Urantuya lived in Anna Home from 2008 to 2013. Her parents wanted them back by that time and with pain in the heart our people had to let her go. But now she is back! Together with her two younger sisters Anu of 6 en Uranzaya of 3. Her parents separated and that meant that there was no more home to live in. How difficult life is for some of us! On this picture the three sisters. We will take good care of them and now the small ones can also good to school.
Ganbayar came this week. When his mother became pregnant of him in 2006 his father left her. Mother found work as help of nomadic families, herding their cattle. A hard life on the endless plains of Mongolia. She wants to give him a better life and she wants hi mto go to school. And so she brought him to Anna Home. He is a healthy boy, was never realy ill, only fell of a horse twice, which is just as usual in this country as a Dutchman falling of his bicycle.
Boldsaikhan writes us:
Thank you for making possible our annual 8th summer camp in the village Bayan uul, close to Mount Ulihan, just beside the Onon river. Back to history: this place was the birth place of Chingges khans mother Oulun. But during the trip to Bayan uul we got flat tires. It made us stay in a village overnight.
While we were looking for a sheep for our camp meal a local shepherd listened and when he knew that we are orphanage kids he gave us a goat for free and we bought one more sheep for a low price.
Then next morning we arrived in the place that we had chosen. We set up our tents and camps and went discovering the surroundings. After 2 days staying just beside the river we decided to move because of coming rain. We found an old friend to borrow us a big cabin in which all of us could stay as many days as we needed. Since then we went through the program that our teachers prepared. Every morning at 5 am I blew the horn and we went jogging and did morning exercises. Then back to wash ourselves and eat the breakfast that the teacher on duty had prepared. During our stay in the cabin our neighbours brought us milk and bread, butter and cream. The kids also helped them to collect wood and cattle’s poo for their fire. We crossed the river, picked up herbal leaves and collected seeds and fruit.
The children divided into 3 groups and each teacher gave lessons and played games. There was no time for standing, we had tough schedules for hiking. We had adventures in the mountains and we could see wild gazelles, many different birds and huge forests. We caught fish and the teachers cooked delicious soup for all of us. We had a great and memorable time with lots of fun. A local resident, a 93 year old lady who is a herbalist, taught us about herbal leaves and plants. Later our teachers picked up more of them for the health of the kids.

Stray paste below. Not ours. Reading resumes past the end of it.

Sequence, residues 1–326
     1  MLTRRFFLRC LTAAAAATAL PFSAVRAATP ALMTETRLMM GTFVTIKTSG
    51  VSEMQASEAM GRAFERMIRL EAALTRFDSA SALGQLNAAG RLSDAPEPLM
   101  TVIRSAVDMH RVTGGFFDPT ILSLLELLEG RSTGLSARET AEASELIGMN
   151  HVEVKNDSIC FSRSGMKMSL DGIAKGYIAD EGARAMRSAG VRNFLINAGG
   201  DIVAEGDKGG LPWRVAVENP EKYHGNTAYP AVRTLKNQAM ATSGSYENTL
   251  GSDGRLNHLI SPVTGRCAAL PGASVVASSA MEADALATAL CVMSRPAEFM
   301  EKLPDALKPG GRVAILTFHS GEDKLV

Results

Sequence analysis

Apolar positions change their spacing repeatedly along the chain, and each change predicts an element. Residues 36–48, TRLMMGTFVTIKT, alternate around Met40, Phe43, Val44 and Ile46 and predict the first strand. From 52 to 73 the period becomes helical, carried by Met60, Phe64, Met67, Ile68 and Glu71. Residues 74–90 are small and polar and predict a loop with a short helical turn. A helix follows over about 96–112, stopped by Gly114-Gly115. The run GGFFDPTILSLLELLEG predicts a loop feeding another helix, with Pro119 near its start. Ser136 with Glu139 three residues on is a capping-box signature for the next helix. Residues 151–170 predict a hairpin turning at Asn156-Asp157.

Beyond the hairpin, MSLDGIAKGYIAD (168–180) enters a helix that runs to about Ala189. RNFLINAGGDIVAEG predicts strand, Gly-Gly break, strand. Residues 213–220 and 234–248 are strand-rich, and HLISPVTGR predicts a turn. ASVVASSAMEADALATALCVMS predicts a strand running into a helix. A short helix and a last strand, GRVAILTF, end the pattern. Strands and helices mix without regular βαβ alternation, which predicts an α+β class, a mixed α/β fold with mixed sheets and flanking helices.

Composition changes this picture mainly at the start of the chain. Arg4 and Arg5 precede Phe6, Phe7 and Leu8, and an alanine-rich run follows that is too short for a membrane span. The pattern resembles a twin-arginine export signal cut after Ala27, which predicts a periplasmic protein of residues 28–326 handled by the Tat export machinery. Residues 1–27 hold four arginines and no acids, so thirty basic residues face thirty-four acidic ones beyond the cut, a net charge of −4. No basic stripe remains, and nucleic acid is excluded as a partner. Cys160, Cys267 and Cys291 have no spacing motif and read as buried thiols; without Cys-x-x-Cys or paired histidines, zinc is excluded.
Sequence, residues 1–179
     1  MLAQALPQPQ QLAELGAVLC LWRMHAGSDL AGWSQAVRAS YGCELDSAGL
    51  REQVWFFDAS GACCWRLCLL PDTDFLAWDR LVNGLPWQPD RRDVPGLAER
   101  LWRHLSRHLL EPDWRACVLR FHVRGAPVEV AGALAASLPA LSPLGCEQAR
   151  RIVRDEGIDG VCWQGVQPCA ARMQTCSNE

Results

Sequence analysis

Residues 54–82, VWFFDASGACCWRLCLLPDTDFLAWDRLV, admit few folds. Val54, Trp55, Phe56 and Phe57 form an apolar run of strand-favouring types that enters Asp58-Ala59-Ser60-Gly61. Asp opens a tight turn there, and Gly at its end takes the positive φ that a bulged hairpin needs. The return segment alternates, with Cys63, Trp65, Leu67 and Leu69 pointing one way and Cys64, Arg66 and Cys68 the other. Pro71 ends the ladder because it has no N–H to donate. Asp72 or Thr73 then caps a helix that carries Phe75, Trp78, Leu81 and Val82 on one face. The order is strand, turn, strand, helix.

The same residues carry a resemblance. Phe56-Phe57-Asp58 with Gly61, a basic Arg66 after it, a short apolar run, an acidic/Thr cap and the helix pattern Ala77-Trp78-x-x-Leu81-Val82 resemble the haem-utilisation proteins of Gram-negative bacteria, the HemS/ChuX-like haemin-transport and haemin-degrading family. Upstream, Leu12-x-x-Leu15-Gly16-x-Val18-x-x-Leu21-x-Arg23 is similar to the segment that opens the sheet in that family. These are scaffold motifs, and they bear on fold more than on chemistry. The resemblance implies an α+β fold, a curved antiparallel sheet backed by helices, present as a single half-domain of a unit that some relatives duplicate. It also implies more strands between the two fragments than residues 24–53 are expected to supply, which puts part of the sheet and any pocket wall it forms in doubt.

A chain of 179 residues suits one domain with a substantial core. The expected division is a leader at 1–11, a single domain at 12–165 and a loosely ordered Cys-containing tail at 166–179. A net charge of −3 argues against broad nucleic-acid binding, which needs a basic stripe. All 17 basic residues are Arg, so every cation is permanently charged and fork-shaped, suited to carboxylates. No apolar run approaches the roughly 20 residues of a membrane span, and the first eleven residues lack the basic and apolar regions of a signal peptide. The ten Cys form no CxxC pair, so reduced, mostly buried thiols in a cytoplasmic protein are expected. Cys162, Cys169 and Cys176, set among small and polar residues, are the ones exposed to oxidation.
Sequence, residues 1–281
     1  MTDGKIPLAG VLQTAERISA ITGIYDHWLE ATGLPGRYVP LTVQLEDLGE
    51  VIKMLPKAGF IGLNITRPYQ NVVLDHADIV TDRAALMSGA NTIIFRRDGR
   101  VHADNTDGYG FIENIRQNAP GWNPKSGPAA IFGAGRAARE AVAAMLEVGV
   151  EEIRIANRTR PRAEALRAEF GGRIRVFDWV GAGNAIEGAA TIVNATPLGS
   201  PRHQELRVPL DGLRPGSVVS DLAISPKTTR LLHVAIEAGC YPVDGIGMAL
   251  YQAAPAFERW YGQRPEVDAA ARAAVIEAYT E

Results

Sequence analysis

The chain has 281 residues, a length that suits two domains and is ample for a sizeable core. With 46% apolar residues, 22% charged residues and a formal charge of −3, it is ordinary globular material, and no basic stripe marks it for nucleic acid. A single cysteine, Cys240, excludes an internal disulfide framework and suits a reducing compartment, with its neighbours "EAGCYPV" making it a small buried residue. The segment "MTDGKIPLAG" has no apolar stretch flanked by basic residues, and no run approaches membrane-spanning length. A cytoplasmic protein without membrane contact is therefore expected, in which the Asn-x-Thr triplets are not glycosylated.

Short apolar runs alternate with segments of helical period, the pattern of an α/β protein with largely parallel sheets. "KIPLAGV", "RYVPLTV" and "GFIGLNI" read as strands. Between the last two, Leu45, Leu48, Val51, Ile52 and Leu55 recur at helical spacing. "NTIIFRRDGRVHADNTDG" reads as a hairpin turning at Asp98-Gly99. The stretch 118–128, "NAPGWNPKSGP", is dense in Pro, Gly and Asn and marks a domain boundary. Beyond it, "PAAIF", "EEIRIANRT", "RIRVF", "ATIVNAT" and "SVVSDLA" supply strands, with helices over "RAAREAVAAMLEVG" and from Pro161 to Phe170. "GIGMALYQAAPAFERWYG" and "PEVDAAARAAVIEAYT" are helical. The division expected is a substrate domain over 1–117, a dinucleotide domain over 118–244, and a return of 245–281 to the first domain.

The days passed quickly and we had to pack our things and go back to the city. On the way we sang songs of prayer and joy. I believe this was not just an ordinary go-back-home-day but one full of joy and memories left in the hearts of the kids. It bond them like a family and inspired them before school days. I conclude that this camp was awesome fruitful. Thank you again that you made it possible. We love you, Boldsaikhan
Many Dutch people send us money every month or every year. We are enormously happy about that. It gives us a good basis and we can be sure that we can continue our work.
Sometimes however we also receive “incidental” money. Lately two ladies asked their friends and family to sponsor their sports event and raised more than € 1000.
We also received a very substantial contribution from a successful investment fund. They make it possible for us to do a few special things for Anna Home. For example we now have a fund to pay the study of those children who want to continue schooling after high school. We will provide training for the personnel for parts of their sometimes difficult work. And we will bring Internet back in the Home. It has been there, but there were big problems with the long distance to the exchange in the city. Now we have the money to solve these problems. Within three weeks they will be connected to the rest of the world!
The Dutch board underwent a very special expansion. Oyuna Byamba grew up in Choibalsan. She has lived for many years in The Netherlands now, where she works as a Mongolian interpreter. She became a member of our board and will help us in crossing the bridge between the differences in language and culture.
Every year I visit Anna Home. This winter I will do that again. Sometimes I hear people say that they would like to come along. Mongolia is for most people unknown territory. And it is so beautiful! In case you would want to come, please let me know. Maybe we can organise it.